Rooftop Antenna Grounding - AVS Forum
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post #1 of 22 Old 03-06-2012, 01:04 PM - Thread Starter
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I understand that, according to NEC code, you need to ground both the coaxial cable and the antenna mast in a rooftop installation. I was curious as to why you need to ground both and not just the coax? My understanding is that there are 2 types of coax grounding mechanisms - a 'grounding block' which grounds the outer shield of the cable and a 'lightning arrestor' which grounds the central conductor of the cable. Do the NEC rules assume you are just using a grounding block and therefore don't have a way to stop a strike getting into the house via the center conductor? Or is grounding the antenna simply a way of taking some of the load off the coaxial cable in the event of a strike?
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post #2 of 22 Old 03-06-2012, 01:28 PM
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My rooftop antenna coax is grounded where it comes into the garage to the cable tv ground connector that was installed when the house was built. This is before the feed goes into the splitter and off to the house. We don't live in a high lightening strike area so I'm not sure how effective that would be in a direct strike but hopefully it would take out the neighborhood cable before seriously affecting us.
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post #3 of 22 Old 03-06-2012, 02:43 PM
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Quote:
Originally Posted by Ferrino View Post

I understand that, according to NEC code, you need to ground both the coaxial cable and the antenna mast in a rooftop installation. I was curious as to why you need to ground both and not just the coax? My understanding is that there are 2 types of coax grounding mechanisms - a 'grounding block' which grounds the outer shield of the cable and a 'lightning arrestor' which grounds the central conductor of the cable. Do the NEC rules assume you are just using a grounding block and therefore don't have a way to stop a strike getting into the house via the center conductor? Or is grounding the antenna simply a way of taking some of the load off the coaxial cable in the event of a strike?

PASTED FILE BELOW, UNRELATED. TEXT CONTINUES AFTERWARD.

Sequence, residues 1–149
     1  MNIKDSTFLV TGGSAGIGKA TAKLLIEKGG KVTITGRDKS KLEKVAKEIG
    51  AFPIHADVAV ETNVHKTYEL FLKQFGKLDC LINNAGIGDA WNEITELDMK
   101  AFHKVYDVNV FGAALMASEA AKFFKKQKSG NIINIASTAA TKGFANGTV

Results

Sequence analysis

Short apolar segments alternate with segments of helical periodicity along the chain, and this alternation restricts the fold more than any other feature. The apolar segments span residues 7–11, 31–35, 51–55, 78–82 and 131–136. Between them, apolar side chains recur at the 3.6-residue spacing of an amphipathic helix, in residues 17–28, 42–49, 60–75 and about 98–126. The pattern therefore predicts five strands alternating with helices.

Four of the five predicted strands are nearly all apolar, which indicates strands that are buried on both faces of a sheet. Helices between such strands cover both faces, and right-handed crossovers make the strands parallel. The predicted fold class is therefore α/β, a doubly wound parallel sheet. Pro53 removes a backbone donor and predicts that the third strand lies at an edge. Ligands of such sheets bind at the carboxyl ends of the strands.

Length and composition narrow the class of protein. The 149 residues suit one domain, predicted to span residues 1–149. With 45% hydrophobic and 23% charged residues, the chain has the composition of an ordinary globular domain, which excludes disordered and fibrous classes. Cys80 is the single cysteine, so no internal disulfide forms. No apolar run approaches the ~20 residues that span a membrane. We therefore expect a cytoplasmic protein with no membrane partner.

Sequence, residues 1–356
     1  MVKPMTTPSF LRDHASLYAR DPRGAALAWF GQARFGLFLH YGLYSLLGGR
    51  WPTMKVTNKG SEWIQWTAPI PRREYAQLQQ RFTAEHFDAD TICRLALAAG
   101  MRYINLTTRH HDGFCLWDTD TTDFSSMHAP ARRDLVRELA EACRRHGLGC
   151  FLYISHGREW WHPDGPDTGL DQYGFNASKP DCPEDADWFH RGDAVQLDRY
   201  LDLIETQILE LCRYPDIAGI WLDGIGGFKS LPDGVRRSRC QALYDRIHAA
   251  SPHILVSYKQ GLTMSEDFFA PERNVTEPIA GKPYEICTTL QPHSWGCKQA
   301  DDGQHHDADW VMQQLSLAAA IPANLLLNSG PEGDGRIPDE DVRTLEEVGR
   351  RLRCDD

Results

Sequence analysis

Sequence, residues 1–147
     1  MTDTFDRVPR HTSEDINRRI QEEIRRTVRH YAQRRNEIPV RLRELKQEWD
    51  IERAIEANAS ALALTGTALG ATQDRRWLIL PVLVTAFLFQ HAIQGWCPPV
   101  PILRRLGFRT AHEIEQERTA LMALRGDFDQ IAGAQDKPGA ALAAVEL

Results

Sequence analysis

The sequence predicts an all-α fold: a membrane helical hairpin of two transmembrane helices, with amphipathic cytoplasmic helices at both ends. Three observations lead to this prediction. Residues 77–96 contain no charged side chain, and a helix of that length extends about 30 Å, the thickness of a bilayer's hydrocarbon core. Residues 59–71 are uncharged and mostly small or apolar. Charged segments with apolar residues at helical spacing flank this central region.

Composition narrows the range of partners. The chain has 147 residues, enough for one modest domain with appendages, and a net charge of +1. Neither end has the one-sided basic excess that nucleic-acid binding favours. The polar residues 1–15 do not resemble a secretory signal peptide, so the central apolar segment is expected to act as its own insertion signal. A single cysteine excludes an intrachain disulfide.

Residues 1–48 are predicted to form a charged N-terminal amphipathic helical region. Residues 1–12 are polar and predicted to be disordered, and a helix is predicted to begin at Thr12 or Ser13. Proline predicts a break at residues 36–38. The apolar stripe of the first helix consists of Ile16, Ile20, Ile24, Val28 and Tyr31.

Hi Ferrino,

Search the HDTV Technical forum with the following keywords: "lightning arrestor center conductor" and you'll find some excellent info.

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post #4 of 22 Old 03-06-2012, 03:44 PM
 
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To make things simple, the Antenna & mast can separate at any time, and bonding both the coax and the mast at the common Earth ground, means that you are covering your bases in case either gets separated during a storm, or hit by a tree, and become energized at any time during that situation. If you look at the sections of a antenna, they are held in place by plastic blocks to keep from coming in contact with the main assembly that attaches to the mast.

Pretty much cut and dry, plain and simple. BTW, the mast/antenna should be bonded to Earth ground with a #8 wire in the straightest and shortest path to the ground rod or Ufer bonding point. The coax ground block should be grounded to ground rod or Ufer using the shortest and straightest run possible. You can use #10 for the ground block, also suggest using a Gas Discharge as a extra safety measure.
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post #5 of 22 Old 03-06-2012, 03:52 PM - Thread Starter
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Thanks very much! I'm currently trying to use an attic-based setup, but would like to know what's involved if I move it to the roof. Running a ground wire from mast to ground would be a big effort due to the structure of the house.

2 more questions: